Green tea, native to China and India, has been consumed and hailed for its health benefits for centuries globally, but has only recently gained popularity in the US.
Tea is considered the most consumed beverage in the world behind water, however 78% of the tea consumed worldwide is black and only about 20% is green.
All types of tea except herbal tea are brewed from the dried leaves of theCamellia sinensis bush. The level of oxidation of the leaves determines the type of tea.
Green tea is made from un-oxidized leaves and is one of the less processed types of tea (with white tea the least) and therefore contains one of the most antioxidants and beneficial polyphenols.
Green tea was used in traditional Chinese and Indian medicine to control bleeding and heal wounds, aid digestion, improve heart and mental health and regulate body temperature.4 Recent studies have shown green tea can potentially have positive effects on everything from weight loss to liver disorders, type 2 diabetes and alzheimer’s disease.
How does Green tea works?
The useful parts of green tea are the leaf bud, leaf, and stem. Green tea is not fermented and is produced by steaming fresh leaves at high temperatures. During this process, it is able to maintain important molecules called polyphenols, which seem to be responsible for many of the benefits of green tea.
Polyphenols might be able to prevent inflammation and swelling, protect cartilage between the bones, and lessen joint degeneration. They also seem to be able to fight human papilloma virus (HPV) infections and reduce the growth of abnormal cells in the cervix (cervical dysplasia). Research cannot yet explain how this works.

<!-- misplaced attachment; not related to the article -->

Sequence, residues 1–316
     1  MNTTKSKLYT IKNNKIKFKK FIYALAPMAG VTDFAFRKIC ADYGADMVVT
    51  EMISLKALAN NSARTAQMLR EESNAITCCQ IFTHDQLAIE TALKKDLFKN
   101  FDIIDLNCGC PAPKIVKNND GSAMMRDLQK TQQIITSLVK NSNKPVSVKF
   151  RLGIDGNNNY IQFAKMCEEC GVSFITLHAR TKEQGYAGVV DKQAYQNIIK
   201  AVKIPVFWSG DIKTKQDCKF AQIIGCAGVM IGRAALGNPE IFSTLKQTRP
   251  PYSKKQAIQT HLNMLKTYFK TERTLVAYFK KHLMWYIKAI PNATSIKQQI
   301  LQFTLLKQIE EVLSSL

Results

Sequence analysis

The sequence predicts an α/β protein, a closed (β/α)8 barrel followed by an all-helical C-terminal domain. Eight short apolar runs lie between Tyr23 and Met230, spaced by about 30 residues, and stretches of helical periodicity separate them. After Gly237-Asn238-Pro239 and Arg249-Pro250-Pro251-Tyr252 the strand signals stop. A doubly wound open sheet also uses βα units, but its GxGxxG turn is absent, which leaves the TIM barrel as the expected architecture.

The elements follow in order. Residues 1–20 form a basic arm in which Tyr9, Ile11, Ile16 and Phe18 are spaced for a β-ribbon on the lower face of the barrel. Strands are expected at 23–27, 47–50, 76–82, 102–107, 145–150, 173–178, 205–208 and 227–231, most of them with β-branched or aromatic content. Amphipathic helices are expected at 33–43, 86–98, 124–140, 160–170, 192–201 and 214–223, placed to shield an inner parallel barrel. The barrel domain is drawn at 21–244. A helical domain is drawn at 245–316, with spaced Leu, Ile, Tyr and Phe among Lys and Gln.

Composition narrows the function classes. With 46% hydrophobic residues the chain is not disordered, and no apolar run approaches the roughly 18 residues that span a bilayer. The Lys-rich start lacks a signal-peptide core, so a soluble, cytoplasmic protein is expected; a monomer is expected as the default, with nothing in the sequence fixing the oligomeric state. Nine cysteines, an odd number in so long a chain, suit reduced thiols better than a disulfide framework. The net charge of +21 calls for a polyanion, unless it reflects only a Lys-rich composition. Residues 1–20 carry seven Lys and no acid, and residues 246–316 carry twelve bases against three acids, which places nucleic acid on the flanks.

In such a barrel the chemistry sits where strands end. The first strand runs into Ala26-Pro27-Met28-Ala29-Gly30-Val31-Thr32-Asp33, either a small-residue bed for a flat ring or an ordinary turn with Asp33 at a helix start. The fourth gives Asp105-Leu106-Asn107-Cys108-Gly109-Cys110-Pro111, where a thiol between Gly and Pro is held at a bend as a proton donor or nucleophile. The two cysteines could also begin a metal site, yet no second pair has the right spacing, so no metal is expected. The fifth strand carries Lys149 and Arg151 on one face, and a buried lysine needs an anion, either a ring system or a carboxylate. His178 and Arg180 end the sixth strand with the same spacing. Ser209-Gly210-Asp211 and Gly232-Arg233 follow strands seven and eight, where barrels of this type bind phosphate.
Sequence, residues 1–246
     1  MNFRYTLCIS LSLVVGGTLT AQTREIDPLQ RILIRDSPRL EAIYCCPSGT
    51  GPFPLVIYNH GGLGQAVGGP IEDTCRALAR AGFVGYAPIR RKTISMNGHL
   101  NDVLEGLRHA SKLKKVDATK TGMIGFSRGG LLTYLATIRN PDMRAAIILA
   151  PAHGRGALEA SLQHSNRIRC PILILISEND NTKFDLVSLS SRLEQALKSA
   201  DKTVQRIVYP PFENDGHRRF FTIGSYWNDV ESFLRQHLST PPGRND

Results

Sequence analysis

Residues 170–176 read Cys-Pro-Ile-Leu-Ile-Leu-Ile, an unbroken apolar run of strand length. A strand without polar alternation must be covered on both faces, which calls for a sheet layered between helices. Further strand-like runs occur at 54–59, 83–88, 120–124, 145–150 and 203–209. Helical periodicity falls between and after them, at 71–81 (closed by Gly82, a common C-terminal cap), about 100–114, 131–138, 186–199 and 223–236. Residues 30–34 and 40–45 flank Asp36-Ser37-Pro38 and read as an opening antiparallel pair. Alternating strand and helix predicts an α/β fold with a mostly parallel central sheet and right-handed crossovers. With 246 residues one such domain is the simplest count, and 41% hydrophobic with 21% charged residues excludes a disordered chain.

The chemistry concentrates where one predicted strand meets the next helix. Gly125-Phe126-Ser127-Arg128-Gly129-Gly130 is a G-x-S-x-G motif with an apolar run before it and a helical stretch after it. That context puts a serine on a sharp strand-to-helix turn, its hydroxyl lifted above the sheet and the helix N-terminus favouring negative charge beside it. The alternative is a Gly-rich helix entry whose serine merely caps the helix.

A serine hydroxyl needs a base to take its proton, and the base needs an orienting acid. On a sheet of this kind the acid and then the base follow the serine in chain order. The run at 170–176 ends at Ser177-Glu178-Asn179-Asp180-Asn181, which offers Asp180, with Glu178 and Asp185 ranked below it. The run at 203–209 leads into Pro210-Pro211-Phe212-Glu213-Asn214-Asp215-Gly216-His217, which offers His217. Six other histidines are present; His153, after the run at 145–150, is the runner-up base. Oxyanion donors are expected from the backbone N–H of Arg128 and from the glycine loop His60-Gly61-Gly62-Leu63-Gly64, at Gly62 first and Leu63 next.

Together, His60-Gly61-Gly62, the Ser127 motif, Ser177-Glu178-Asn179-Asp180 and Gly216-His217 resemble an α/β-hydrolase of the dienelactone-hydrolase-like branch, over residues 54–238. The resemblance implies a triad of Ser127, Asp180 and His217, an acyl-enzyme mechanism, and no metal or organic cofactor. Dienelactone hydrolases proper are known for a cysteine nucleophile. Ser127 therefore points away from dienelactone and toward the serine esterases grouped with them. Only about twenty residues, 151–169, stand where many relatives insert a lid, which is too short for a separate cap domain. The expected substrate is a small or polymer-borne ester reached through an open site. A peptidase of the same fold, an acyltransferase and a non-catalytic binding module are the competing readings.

Green tea contains 2% to 4% caffeine, which affects thinking and alertness, increases urine output, and may improve the function of brain messengers important in Parkinson’s disease. Caffeine is thought to stimulate the nervous system, heart, and muscles by increasing the release of certain chemicals in the brain called “neurotransmitters.”
Antioxidants and other substances in green tea might help protect the heart and blood vessels.
Side Effects of Green Tea
Green tea is LIKELY SAFE for most adults when consumed in moderate amounts. Green tea extract is POSSIBLY SAFE for most people when taken by mouth or applied to the skin for a short time. In some people, green tea can cause stomach upset and constipation. Green tea extracts have been reported to cause liver problems in rare cases.
Special Precautions & Warnings
Pregnancy and breast-feeding: If you are pregnant or breast-feeding, green tea in small amounts about 2 cups per day is POSSIBLY SAFE. This amount of green tea provides about 200 mg of caffeine. However, drinking more than 2 cups of green tea per day is POSSIBLY UNSAFE. Consuming more than 2 cups of green tea daily has been linked to an increased risk of miscarriage and other negative effects. Also, caffeine passes into breast milk and can affect a nursing infant. Don’t drink an excessive amount of green tea if you are pregnant or breast-feeding.
“Tired blood” (anemia): Drinking green tea may make anemia worse.
Anxiety disorders: The caffeine in green tea might make anxiety worse.
Bleeding disorders: Caffeine in green tea might increase the risk of bleeding. Don’t drink green tea if you have a bleeding disorder.
Heart conditions: Caffeine in green tea might cause irregular heartbeat.
Diabetes: Caffeine in green tea might affect blood sugar control. If you drink green tea and have diabetes, monitor your blood sugar carefully.
Diarrhea. Green tea contains caffeine. The caffeine in green tea, especially when taken in large amounts, can worsen diarrhea.
Irritable bowel syndrome (IBS): Green tea contains caffeine. The caffeine in green tea, especially when taken in large amounts, can worsen diarrhea and might worsen symptoms of IBS.
Glaucoma: Drinking green tea increases pressure inside the eye. The increase occurs within 30 minutes and lasts for at least 90 minutes.
High blood pressure: The caffeine in green tea might increase blood pressure in people with high blood pressure. However, this does not seem to occur in people who regularly drink green tea or other products that contain caffeine.
Liver disease: Green tea extract supplements have been linked to several cases of liver damage. Green tea extracts might make liver disease worse.
Weak bones (osteoporosis): Drinking green tea can increase the amount of calcium that is flushed out in the urine. Caffeine should be limited to less than 300 mg per day (approximately 2-3 cups of green tea). It is possible to make up for some calcium loss caused by caffeine by taking calcium supplements.